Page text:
Since we replaced the old clay plumbing with plastic piping, we have not experienced any sewage obstructions.

The black line on the right-hand pipe portion indicates to the installer when the pipe sections have been completely connected together.

The only issue we experienced with the line was when the previous clay line was smashed and subsequently became clogged with mud and other debris.

Other Steps to Avoid Problems with Septic or Sewer Drain Lines on Steep Sites

  • Cleanouts of septic tanks or sewer drain lines: I’d put external cleanout access ports on the sewage line every 20 feet or so for the sake of ease. Proper septic pipe hookups include the following: Ensure that the new pipe connections are made correctly, that they are lubricated, and that they are completely seated during the assembly process. The following are the proper sewage pipe directions: The receiving pipe hub, often known as the “female” end of the pipe, is located at the bottom of the following downhill segment. Make sure you don’t do this in reverse or you’ll attract leaks and blockage in your sewage system.
  • Smooth drain line connections should be employed: the hub-less drain pipe connector shown in our photo was used to connect the new plastic waste line (which runs downhill to the septic tank) to the old cast iron waste line at the point where it exited the structure. These pipes needed to be correctly aligned (to avoid leaks at the connector) and their connections and pipe ends needed to be filed smooth in order to reduce the likelihood of waste line clogs at this point in the system.

Installing SepticDrainfieldPiping on Steep Slopes is a Different Matter Entirely

Please understand that we have examined the installation of solid plumbing between a building and its septic tank or sewage main in this articleand that higher slopes may be acceptable in some circumstances. However, the possibility of a “OK” for steep drain pipe does not apply in any manner to the perforated piping put in a septic drainfield gravel trench, which is a different story. Those looking for help on installing a septic system on a steeply sloping or rolling site should check out the following articles:

  • For further information, see AEROBIC SEPTIC SYSTEMS, ATUs, and HOME – some of these systems can be used on steep slope locations. Or SeeHOOT Aerobic Systems Drip Disposal Design and Installation Guide for more information. Alternatively, see “Guidance for the Design, Installation, and Operation of Subsurface Drip Distribution Systems as a Replacement for Conventional Title 5 Soil Absorption Systems for the Disposal of Septic Tank Effluent,” published by the Massachusetts Department of Environmental Protection in 2006 and refining Massachusetts regulations 310 CMR 15.240, 15.242, 15.247, and 15.280-15.289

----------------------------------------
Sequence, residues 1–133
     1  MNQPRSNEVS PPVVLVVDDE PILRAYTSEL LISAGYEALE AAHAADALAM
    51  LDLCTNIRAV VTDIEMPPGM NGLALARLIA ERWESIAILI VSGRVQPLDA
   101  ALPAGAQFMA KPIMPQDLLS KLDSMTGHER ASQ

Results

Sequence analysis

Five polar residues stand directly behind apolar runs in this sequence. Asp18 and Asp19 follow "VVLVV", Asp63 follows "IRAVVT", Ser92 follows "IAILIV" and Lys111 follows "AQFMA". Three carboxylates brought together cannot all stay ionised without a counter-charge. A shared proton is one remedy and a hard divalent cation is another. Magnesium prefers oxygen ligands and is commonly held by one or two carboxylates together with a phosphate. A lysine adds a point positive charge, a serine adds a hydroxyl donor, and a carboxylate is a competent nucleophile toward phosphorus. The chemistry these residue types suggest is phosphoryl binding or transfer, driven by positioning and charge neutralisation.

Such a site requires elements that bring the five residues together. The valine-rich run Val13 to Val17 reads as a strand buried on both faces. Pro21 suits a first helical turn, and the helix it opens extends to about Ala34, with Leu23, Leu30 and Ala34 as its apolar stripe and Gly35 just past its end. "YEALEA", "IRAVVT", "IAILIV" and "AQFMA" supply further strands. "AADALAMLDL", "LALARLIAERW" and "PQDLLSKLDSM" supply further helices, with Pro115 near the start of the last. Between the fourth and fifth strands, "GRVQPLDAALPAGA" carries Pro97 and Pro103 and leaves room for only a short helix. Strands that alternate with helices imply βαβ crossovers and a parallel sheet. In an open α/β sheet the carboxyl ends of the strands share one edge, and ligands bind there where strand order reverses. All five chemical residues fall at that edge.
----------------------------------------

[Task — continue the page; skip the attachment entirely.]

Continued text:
• Or “Guidance for the Design, Installation, and Operation of Subsurface Drip Distribution Systems as SYSTEMS DE DOSAGE For hilly sites where the drainfield must be located either uphill or downhill from a septic tank or structure, PRESSURE is a term that refers to pressure dosing systems that may be beneficial for disposing of sewage. GRAVELLESS SEPTIC SYSTEMS – Other gravelless systems are capable of handling mild bends required to follow rolling slope lines
  • However, some gravelless systems are not. A system that will be required when the elevation of a structure or a septic tank is lower than the elevation of the drainfield or sewer main is Septic pumps, sewage ejector pumps, grinder pumps, effluent pumps, sump pumps, septic pumping stations, and septic pump alarms Installation of septic drainfields on steep or rolling terrain is described in STEEP SLOPE SEPTIC DESIGNS, which is part of the SEPTIC DESIGNS section.

Reader Q A – also see the FAQs series linked-to below

@hello there, dude. Sweep turns with a wider radius (e.g., 2 45s) will often flow better than sharper turns. On a corner where the toilet waste flow is present. If trenching provides for 4″ deeper depth, is it preferable to construct the 90° corner with a 1° drop rate as normal, or is it preferable to make the corner with two 45° corners while lowering the 4″? Thanks@Ted, Start by consulting with your local building or health department to see what type of design would be considered suitable in your nation and neighborhood.

  • We have a shortage of service personnel for upkeep, and I believe that a sprinkler system would be more beneficial to our grounds.
  • Thanks@Ted That doesn’t appear to be a concern in my opinion.
  •, Yes, without a doubt, that is not hygienic.
  • Thanks@Ted, In a situation when you are just transferring a cleared fluid, there should be no particulates left behind in the wastewater stream.
  • That is a very other issue.
  • What if it’s been sitting in a septic tank for a while, breaking down as if it were going to a leach field instead?
  • That would be the material that would be sent to the aerobic tank.

You may be required to utilize a grinder sewage pump and force main; we are in the process of establishing a traditional tank close to our home.

What is the maximum percent drop per foot for the effluent line in terms of percent drop?


Thank you very much.

It goes without saying that such lines must have the proper pitch in order to reach the final position of the septic tank.

You should verify with your local building authority to find out exactly what is required to be placed at a 4 foot depth in your area.